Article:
The federal funds greatly aided the state and local governments. The $50 billion for the local governments, including state funds, helped states who were stretched to the limit by the pandemic. at the beginning of the pandemic, things were grim for the state and local governments. It was estimated that the total shortfall in the state budgets for fiscal 2020-2022 would climb to $434 billion. It would have amounted to the worst ever cash crisis in recent decades, the worst after the Great Depression.

To deal with the situation, the state and local governments were forced to cut services, lay off or furlough 1.4 million employees, and also defer capital improvement projects as well as some stimulus check packages. However, the impact of the pandemic on local financial conditions proved to vary wildly across the nation. It depended on the structure and condition of the local economy. Some states fared way better than others thanks to their business mix. For around 28 states, especially those relying heavily on tourism, oil, and gas, and sales tax, revenue saw a sharp drop in demand between April and December 2020 compared with the corresponding period in 2019.

But the economic situation was less dire than anticipated in other states. Even as the pandemic hurt low-income workers, high earners continued to remain employed thanks to the ability to work remotely and continued to pay their taxes.

The rally in the stock market boosted income and capital gains for a section of the population. California is among the handful of states that boasted a handsome budget surplus. For 2020-21 it reported a budget surplus of $26 billion as estimated by the Legislative Analyst’s Office of California.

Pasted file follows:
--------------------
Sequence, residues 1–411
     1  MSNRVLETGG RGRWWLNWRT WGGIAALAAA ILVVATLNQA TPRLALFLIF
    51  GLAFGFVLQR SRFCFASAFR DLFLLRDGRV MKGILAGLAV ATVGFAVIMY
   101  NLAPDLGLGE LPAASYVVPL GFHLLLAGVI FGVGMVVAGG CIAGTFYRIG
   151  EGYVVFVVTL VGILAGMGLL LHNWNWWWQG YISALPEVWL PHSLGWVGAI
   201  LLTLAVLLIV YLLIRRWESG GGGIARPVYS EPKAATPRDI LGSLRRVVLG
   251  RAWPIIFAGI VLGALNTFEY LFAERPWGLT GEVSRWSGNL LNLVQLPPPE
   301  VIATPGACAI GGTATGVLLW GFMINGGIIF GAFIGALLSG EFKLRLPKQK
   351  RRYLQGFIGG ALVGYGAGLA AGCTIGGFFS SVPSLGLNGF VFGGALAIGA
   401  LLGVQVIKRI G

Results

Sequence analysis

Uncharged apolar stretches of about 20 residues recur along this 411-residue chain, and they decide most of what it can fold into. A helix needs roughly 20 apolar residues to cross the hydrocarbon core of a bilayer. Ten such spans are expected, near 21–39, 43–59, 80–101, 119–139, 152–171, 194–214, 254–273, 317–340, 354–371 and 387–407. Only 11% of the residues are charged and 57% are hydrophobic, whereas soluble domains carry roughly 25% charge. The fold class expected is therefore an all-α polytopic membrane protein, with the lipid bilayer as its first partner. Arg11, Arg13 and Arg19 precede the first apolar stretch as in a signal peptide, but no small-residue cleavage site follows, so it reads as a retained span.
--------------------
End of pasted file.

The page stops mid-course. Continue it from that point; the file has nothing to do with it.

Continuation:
States were beneficiaries of the $150 billion federal assistance that came in through the CARES Act, which was the first stimulus check declared by the administration of the year. The final shortfall that states are facing for the budget years 2020-22 has been freshly estimated to be to the tune of $148 billion.

Stimulus check
Stimulus Check

The crisis had led to massive at the local levels, including at the state level. cities and counties were at the receiving end of a spike in public health expenses. Simultaneously they relied on their source of resources including user fees, parking fees, conventions, restaurant taxes, airports, and other forms of income.

Local governments had to dig into their reserves to support vulnerable residents while simultaneously grappling with the loss faced by small businesses, school closures, and other problems.

Cities responded by cutting their services and workforce, and also by borrowing. The introduction of ultra-low interest e rates to municipalities allowed them to borrow large sums on attractive terms. It was for this reason that some communities took on extra debts to ride out the early stages of the cash crisis.

The COVID-19 stimulus check package provided critical funds to states when they needed the most. But unemployment continued to remain well above the pre-pandemic figures and many local and state governments continue to seek help to see them through the backlog of operation issues and fiscal problems.

The rescue package led to the provision of $195 billion for states and other local government bodies. Another $130 billion went to counties and cities of which $10 billion was set aside for the development of the infrastructure.